Biden is a former vice president and won the Democratic nomination for president in 1972. He was also a professor at Widener University and a supporter of Amtrak. But did you know that Biden has had two brain aneurysms?
Biden won the Democratic nomination for president in 1972
Joe Biden first got his name in the public eye as a young senator from Delaware. At 29, he had just won his seat in the Senate and had little cash to run an ad campaign. His campaign was so low-key that a staffer recorded voter comments on a simple microphone. During that race, he lost his wife and infant daughter to a car crash. After winning the nomination, Biden contemplated resigning from his seat in the Senate. Nevertheless, he stayed in his seat and commuted home from his seat in Delaware each night.
The next two decades have been a struggle for both candidates. In 1972, Muskie was the runner-up in the Democratic primary and would have been the winner of the general election. In fact, Muskie’s strategy in 1973 could have ended with Biden in the White House. But this time, he had a clear path to victory, and his campaign was on a path to become president again.
He had brain surgery after two aneurysms
In June, vice presidential candidate Joe Biden underwent brain surgery after discovering that he had two aneurysms on the left side of his brain. The operation, called a microsurgical craniotomy, took place at the Walter Reed National Military Medical Center in Washington, D.C. Biden was given a 50 percent chance of surviving and could awaken with significant deficits. Because of the risks associated with such a complication, Biden was completely isolated during his recovery. His wife Jill took the decision to keep him out of the news, and would not allow him to answer any calls until he was recovered.
The first aneurysm in Biden’s brain was removed with the use of a scalpel, but the second aneurysm developed several weeks later. Biden’s doctor, Dr. Kassell, said that a four-letter expletive was uttered during the surgery. The doctor was able to deal with the complication by using a microscope. Biden did not mention the second surgery in his autobiography.
He was an adjunct professor at Widener University
Before running for vice president, Joe Biden was an adjunct professor at Widen University School of Law. He has taught constitutional law there for 17 years and regularly co-taught a constitutional law class with colleague Bob Hayman. The pair would alternate leading Saturday morning seminars on the constitution. He guarantees his students’ attendance for at least half of the class. But his tenure at Widener doesn’t end there.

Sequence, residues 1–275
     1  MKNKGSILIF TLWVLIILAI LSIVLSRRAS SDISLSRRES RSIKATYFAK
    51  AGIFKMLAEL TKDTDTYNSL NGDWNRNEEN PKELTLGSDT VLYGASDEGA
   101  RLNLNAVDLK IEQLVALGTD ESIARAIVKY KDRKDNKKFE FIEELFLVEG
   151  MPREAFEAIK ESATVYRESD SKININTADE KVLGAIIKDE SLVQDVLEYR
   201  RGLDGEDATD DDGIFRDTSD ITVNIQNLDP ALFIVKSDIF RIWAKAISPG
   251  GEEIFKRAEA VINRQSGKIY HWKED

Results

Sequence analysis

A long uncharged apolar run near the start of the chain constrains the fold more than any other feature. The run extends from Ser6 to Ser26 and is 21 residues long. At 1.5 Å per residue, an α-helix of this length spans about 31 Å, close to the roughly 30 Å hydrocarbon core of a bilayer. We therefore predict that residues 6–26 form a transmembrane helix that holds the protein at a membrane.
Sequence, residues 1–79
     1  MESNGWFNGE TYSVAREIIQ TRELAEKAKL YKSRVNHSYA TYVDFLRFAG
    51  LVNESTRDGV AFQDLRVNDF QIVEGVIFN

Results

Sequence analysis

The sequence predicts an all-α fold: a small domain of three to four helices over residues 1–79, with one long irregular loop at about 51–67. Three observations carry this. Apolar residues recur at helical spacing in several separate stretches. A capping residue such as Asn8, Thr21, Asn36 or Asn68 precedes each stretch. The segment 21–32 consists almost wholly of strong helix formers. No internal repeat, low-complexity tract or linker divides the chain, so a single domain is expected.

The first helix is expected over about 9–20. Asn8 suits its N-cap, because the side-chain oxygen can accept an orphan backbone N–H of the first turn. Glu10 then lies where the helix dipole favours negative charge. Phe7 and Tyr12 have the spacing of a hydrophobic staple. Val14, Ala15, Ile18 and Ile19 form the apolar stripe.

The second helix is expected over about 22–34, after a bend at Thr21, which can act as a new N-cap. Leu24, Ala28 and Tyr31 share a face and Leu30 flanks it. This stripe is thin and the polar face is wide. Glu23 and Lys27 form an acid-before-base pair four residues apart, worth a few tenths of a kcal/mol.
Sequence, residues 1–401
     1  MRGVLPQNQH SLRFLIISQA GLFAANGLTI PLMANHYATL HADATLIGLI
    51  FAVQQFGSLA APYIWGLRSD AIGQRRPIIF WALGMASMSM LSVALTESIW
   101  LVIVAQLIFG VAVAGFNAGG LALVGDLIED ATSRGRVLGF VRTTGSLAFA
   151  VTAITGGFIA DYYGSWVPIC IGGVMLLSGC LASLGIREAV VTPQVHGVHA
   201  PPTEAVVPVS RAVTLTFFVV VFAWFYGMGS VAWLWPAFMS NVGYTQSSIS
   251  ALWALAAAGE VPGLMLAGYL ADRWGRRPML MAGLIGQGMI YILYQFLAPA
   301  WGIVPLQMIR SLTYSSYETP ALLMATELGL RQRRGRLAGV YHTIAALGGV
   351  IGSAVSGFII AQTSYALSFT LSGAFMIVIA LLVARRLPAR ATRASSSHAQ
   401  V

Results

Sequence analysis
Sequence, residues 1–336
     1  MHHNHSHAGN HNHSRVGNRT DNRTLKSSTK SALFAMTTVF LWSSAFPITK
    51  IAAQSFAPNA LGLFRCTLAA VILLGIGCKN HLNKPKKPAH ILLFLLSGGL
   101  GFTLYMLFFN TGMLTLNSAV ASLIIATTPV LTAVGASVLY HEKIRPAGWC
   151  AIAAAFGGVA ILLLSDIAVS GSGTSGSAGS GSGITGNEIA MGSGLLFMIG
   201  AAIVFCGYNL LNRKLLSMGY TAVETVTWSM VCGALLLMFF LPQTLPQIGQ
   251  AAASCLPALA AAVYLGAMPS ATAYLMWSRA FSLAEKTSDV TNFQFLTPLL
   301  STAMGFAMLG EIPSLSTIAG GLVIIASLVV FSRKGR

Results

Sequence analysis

The university also employs lobbyists. Since 2001, Widener has been able to gain federal earmarks for programs. In the 2005 appropriations cycle, Widener received two earmarks, one for a clinical psychology program and one for technology infrastructure upgrades at its Harrisburg campus. As vice president, Biden was actively involved in the political process and was awarded the Presidential Medal of Freedom for his efforts.
He was a supporter of Amtrak
Amtrak is the nation’s passenger train system. Amtrak trains travel at 150 mph and are capable of operating over existing infrastructure. There are over 30 train routes in the United States and more than 500 destinations in 46 states. Vice President Biden has earmarked $80 billion of his infrastructure plan for Amtrak. But how will a new president support Amtrak? Until now, only George W. Bush and Hillary Clinton have backed the service, but a Biden campaign could pressure the leaders to invest in the railroad.
According to the Associated Press, Joe Biden was an advocate of Amtrak. He made numerous trips to Delaware by train as a vice president. He had already flown 1.2 million miles prior to this trip. His aides and staff have claimed that he made the trip during his fourth or fifth year as vice president. Biden’s support for Amtrak has prompted many conservative groups to criticize him for distorting the timeline.
He has signed more executive orders than any other president
The Vice President’s first 100 days have been busy, with more executive actions than any of his immediate predecessors combined. Although these aren’t barrier-breaking acts, Biden has signed more executive orders than any other president, which is no small feat, considering the number of presidential memoranda he has signed. He is also signing proclamations, presidential memoranda, and letters as he tries to exercise his executive powers.
In his first week in office, Joe Biden has signed more executive orders than his predecessors. His executive orders include not only regulations, but also memorandums of interest to the public. Of these, 29 of them are published in the Federal Register. As of Feb. 8, Biden has signed 43 executive actions. Compared to Obama and Trump, Biden has already out-signed his predecessors by more than half.
He is the first Roman Catholic to be vice president
President-elect Joe Biden has spoken frequently about his Catholic faith and the role his religion plays in his life, quoting from the Bible and attending Mass regularly. In fact, Catholics make up one-fifth of the U.S. population, and the Catholic church has long been a prominent part of American life. Until now, only John F. Kennedy and John Kerry have been nominated for the presidency as a Catholic.
The Washington Post’s E.J. Dionne recently argued that Biden’s worldview is shaped by the era of the two Johns. During the Kennedy administration, Pope John XXIII reigned in Rome and Catholics were finally given a place in American politics. Many Catholics were comforted by John XXIII’s approach to social justice and peace.